St. Mel’s Cathedral

Largest Conservation and Restoration Project in Western Europe

PROJECT:

St Mel's Cathedral Restoration

ARCHITECT:

FKP Architects

CLIENT:

Diocese of Ardagh and Clonmacnois

SECTOR:

Construction, Conservation & Restoration

AWARDS:

"Largest Restoration Project in Western Europe"

When St Mel’s Cathedral at Longford was gutted by fire on Christmas Eve in 2009, its restoration required the highest level of expertise.

St Mel’s is a landmark building, one of the finest Roman Catholic churches in Ireland, which was designed by Joseph B. Keane, and opened for worship in 1856.  The fire, which blazed for nearly two days, completely destroyed the roof, all the interior timbers of the nave, and severely damaged the 28-structural ionic Blue Irish Limestone columns, which had to be replaced. Because of the historical importance of the building, the Irish Planning department, An Board Pleanála, specified ‘like for like replacement’, and the new columns were quarried at Old Leighlin, Co. Carlow.

Specialist Joinery

The roof structure posed particular problems, as the walls of the Nave are not parallel, so varying spans for the trusses were required.  The vertical slots for the truss haunches could not be aligned across the nave, and in some locations the trusses were not parallel, so the purlins are of varying length.  This work required specialist joinery, which was carried out by Gem Joinery.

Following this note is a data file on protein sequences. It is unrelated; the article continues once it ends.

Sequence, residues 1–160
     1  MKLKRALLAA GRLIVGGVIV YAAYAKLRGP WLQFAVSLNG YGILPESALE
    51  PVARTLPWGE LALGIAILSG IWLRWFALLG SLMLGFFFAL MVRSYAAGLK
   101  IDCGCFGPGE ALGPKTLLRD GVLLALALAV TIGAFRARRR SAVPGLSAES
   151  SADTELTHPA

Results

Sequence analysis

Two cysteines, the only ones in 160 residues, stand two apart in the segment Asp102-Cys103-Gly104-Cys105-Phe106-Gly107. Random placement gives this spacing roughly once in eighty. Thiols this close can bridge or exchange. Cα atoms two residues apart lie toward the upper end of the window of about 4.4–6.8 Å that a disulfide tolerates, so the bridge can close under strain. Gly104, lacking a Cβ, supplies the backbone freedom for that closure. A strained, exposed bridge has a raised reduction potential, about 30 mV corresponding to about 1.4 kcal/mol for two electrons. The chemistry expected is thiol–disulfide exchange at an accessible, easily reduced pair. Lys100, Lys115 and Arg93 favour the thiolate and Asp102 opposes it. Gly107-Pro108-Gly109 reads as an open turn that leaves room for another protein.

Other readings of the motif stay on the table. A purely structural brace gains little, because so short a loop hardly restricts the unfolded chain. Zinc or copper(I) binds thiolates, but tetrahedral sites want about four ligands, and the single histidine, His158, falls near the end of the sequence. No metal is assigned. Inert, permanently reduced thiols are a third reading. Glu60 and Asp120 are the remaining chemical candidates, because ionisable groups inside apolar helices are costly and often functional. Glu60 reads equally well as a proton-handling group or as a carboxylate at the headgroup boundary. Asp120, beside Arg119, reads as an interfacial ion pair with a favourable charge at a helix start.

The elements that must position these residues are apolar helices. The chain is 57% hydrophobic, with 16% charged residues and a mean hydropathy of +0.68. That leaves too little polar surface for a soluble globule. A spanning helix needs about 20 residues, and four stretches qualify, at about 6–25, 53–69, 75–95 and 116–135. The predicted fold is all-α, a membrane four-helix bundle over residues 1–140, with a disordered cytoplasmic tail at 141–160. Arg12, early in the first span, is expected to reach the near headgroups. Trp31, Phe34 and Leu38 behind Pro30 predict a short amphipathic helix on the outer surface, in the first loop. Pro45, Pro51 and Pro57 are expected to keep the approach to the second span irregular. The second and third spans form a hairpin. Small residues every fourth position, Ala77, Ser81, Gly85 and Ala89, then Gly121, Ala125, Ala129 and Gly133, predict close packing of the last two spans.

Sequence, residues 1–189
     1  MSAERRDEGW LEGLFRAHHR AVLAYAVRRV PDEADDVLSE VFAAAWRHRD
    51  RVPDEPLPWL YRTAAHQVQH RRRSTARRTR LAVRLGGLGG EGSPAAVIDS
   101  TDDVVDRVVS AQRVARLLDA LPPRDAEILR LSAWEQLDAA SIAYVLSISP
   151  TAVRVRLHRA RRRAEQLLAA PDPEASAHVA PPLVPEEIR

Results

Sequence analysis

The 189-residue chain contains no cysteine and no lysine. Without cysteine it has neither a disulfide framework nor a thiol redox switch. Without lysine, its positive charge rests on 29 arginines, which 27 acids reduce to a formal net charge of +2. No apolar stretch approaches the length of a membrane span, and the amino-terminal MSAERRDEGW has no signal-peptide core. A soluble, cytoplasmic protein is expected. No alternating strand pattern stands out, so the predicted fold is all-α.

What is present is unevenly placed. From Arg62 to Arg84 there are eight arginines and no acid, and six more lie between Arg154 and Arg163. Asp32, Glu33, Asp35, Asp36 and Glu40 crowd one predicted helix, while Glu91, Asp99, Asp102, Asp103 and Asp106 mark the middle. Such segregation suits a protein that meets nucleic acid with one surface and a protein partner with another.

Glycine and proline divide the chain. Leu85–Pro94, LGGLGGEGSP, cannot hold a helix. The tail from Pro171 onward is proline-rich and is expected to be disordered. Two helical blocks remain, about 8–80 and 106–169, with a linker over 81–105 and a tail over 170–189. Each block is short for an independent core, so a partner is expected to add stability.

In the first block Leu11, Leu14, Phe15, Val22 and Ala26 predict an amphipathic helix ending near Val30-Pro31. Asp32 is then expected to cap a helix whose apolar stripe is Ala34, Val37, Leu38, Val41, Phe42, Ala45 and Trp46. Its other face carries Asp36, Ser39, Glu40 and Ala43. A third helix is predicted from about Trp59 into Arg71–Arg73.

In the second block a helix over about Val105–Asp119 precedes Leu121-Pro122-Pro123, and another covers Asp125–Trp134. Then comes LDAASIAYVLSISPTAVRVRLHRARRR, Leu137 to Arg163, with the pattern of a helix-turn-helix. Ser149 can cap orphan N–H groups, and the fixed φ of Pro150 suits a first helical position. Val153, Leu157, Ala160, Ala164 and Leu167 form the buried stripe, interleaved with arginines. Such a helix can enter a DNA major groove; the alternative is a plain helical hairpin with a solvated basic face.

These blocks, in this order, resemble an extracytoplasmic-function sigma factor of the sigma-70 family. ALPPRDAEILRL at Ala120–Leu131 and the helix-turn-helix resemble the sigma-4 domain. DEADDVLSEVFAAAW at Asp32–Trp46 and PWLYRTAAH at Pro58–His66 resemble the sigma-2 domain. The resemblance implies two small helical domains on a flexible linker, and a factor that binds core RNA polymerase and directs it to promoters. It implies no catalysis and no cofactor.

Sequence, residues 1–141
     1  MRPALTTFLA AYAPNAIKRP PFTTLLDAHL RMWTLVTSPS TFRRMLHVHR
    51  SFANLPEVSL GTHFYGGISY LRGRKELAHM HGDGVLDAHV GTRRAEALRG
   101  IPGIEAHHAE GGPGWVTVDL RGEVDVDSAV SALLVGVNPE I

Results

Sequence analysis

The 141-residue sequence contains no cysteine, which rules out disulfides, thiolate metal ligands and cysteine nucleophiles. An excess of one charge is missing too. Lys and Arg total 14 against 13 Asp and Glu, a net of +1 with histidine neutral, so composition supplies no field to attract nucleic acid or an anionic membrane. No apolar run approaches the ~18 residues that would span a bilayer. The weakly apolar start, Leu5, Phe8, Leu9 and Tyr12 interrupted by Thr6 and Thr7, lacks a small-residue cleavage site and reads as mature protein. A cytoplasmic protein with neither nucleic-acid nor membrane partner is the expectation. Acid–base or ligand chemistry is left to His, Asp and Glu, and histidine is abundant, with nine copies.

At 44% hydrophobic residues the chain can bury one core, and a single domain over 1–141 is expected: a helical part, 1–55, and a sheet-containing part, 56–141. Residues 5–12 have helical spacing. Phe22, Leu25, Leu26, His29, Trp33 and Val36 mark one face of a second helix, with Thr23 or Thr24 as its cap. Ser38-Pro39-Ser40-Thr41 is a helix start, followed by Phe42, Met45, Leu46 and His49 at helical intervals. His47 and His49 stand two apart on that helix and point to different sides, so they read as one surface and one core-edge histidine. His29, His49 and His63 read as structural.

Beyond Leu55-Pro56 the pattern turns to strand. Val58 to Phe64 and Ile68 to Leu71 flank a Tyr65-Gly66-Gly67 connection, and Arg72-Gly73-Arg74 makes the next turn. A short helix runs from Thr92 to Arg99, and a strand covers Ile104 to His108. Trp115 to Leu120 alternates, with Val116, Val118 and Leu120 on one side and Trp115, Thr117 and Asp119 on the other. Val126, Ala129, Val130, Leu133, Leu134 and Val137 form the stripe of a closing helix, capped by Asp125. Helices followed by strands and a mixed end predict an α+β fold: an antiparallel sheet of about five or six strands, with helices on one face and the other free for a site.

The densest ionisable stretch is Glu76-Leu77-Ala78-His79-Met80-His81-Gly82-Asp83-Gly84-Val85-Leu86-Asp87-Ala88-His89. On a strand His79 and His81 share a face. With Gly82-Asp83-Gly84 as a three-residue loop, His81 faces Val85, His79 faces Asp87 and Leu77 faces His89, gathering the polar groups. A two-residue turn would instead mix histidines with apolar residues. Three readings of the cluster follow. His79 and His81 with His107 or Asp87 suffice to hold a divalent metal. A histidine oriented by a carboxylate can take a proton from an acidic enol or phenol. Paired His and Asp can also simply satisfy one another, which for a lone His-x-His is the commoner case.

Traditional Methods

Although the planning authorities insisted that the new roof should be designed with the traditional methods of mortise and tenon joints, cotter, gib, stirrups and pins, a dispensation was permitted allowing modern materials in an area where they could not be seen; the bottom chord was designed as a glue laminated timber section.  The roof was completed using natural slate with lead work finishes to parapets, ridges, eaves and valleys.

The barrel-vaulted ceiling was finished with decorated plasterwork, including Prince of Wales feathers and leaves surrounded by egg and dart mouldings with bead and reel raised plastered circular mouldings, all reproduced from historic photographs.

Major Awards

The restoration received several awards, including the Irish Building and Design Awards 2015 “Building Project of the Year” and “Interior Architectural Project of the Year”: the RWI Architecture Awards 2015 , winner of “Public Choice” award, Best Conservation/Restoration and Best Universal Design Project; the Fit Out Awards 2015, Conservation Project of the Year and overall Project of the year; and the Property Industry Excellence Awards 2015, Winner of Property Conservation Award.